Molecular systematics and biogeographic history of the African climbing-mouse complex (Dendromus).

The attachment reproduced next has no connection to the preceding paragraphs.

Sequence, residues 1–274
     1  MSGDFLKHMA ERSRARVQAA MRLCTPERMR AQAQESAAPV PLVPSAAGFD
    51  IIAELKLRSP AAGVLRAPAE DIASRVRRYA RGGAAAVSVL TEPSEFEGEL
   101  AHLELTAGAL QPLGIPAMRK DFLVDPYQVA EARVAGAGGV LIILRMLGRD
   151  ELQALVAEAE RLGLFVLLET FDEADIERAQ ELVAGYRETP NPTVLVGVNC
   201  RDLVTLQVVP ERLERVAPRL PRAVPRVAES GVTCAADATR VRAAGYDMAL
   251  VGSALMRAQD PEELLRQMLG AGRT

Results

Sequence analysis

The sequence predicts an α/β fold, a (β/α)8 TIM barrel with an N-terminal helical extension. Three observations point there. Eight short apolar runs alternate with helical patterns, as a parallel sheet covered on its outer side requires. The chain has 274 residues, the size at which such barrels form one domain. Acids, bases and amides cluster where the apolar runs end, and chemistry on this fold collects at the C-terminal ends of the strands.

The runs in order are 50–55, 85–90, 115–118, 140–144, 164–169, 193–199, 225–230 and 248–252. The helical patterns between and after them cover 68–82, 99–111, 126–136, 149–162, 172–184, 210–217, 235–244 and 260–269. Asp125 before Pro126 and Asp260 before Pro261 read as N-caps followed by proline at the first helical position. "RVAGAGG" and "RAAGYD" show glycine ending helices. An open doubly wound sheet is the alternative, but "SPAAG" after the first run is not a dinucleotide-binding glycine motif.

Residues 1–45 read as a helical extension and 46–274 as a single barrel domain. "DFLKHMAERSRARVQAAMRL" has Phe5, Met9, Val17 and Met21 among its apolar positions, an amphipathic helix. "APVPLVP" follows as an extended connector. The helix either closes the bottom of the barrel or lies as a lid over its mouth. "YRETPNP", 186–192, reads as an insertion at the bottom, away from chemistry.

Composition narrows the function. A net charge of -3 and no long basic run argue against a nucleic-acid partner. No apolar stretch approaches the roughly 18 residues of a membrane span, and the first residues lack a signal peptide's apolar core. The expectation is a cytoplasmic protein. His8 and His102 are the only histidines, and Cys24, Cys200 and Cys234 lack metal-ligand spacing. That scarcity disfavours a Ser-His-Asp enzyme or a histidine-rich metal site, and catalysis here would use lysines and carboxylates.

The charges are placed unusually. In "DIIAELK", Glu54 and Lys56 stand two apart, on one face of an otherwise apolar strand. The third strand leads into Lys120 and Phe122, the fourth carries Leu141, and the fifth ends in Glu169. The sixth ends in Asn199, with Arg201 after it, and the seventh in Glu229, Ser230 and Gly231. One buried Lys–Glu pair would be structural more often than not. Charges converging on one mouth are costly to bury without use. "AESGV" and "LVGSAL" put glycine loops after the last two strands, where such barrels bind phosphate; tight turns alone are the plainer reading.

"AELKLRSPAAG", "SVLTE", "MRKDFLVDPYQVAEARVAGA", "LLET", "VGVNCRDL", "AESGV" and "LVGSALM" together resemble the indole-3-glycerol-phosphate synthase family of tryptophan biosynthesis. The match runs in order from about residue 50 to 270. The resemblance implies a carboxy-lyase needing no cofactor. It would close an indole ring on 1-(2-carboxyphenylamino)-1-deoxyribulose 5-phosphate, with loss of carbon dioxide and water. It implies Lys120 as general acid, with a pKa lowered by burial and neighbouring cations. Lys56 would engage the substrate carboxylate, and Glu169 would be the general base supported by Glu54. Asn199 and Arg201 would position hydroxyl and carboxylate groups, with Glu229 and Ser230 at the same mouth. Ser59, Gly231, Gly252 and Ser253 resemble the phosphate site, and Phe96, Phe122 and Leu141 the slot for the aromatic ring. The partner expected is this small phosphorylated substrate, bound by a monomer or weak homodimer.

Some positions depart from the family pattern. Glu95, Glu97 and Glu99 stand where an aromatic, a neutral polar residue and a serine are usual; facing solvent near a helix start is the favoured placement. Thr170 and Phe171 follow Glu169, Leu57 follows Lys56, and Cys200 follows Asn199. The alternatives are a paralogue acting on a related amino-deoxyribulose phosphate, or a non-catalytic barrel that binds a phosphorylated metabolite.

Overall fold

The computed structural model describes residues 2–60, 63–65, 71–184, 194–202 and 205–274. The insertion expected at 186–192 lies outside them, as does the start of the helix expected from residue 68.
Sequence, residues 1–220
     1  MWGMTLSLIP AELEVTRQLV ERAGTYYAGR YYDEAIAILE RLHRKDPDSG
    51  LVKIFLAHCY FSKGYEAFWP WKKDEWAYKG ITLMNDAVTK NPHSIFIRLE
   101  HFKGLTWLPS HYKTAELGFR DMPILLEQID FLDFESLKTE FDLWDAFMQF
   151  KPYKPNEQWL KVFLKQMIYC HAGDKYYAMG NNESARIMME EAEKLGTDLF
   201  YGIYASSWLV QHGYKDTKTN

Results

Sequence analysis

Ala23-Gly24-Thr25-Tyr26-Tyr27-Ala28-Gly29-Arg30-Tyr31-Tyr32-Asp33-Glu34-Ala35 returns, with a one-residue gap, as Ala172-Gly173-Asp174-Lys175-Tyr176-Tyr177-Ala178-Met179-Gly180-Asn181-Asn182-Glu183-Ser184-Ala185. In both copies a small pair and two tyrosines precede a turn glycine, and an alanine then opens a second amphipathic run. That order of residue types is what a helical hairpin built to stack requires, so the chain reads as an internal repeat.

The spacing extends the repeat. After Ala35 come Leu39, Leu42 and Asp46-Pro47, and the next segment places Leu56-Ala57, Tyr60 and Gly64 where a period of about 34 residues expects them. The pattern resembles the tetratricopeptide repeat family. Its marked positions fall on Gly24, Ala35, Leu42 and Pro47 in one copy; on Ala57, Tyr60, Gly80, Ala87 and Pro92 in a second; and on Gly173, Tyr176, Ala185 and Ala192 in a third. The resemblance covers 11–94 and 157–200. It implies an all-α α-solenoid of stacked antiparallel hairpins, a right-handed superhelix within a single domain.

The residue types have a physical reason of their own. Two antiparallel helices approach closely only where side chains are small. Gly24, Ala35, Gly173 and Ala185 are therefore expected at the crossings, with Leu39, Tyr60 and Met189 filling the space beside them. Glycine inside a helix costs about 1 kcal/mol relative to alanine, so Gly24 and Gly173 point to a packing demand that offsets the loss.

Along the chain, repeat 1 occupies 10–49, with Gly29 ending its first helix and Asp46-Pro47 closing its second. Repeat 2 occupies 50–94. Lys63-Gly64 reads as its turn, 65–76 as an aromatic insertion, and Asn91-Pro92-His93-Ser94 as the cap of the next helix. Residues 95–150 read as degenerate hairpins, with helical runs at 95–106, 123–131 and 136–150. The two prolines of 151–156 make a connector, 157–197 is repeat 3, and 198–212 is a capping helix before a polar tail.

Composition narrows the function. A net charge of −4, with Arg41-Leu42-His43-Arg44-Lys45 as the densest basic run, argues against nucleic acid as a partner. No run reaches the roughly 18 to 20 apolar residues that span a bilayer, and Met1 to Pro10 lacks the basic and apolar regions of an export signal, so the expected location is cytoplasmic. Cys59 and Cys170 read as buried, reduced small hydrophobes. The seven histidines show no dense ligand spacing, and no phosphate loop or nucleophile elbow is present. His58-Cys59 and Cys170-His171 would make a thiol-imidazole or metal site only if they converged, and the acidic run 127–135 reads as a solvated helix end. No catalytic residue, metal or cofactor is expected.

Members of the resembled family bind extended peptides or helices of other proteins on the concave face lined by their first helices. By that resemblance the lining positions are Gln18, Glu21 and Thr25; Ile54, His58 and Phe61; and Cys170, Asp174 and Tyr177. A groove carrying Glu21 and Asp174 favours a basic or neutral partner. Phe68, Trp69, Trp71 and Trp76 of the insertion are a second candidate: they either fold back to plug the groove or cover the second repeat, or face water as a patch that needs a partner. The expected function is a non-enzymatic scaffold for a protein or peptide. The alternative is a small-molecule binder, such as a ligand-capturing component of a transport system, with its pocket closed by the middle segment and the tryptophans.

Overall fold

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Climbing mice in the genus Dendromus (sensu lato) are widely distributed in Africa, south of the Saharan Desert. The 17 currently recognized species in the genus range from widespread taxa to single-mountain endemics, and there is considerable variation across species with respect to habitats occupied. These habitats range from arid grasslands and savannahs to sub-alpine and alpine vegetation. Using the most comprehensive geographic and genetic survey to date and after reviewing many type specimens, we assess the systematics and biogeography of Dendromus. Given the structure of our molecular phylogenetic hypotheses, in which we recover six major clades, we propose the recognition of three genera within the Dendromus group (sensu lato): in addition to Dendromus (26 lineages), we suggest the retention of Megadendromus (monotypic) and the resurrection of the genus Poemys (six lineages). From our model-based molecular phylogenetic results and morphological comparisons, we suggest that six formerly synonymized taxa should be resurrected, and we highlight 14 previously undescribed lineages. We also constructed time-calibrations on our phylogeny, and performed ancestral area reconstructions using BioGeoBEARS. Based on fossil evidence, Dendromus appears to have had a widespread African distribution dating back to the Late Miocene (8-10Ma), and our basal ancestral area reconstruction (Ethiopians Highlands+Eastern African Mountains+Zambezian region) supports this. Divergence of the six major clades we recover (Poemys, Megadendromus and four within Dendromus) occurred prior to or at the Miocene-Pliocene boundary 5.3Ma. Biogeographically, Megadendromus is restricted to the Ethiopian Highlands. The ancestral area for Poemys is reconstructed as the Zambezian region, with species distributions ranging from South Africa to Western Africa. The ancestral area for Dendromus is reconstructed as the Ethiopian Highlands, with the ancestral areas of the four major clades being reconstructed as Ethiopian Highlands, Albertine Rift, South Africa or Western Africa. None of the four Dendromus clades are reciprocally monophyletic with respect to distributional area.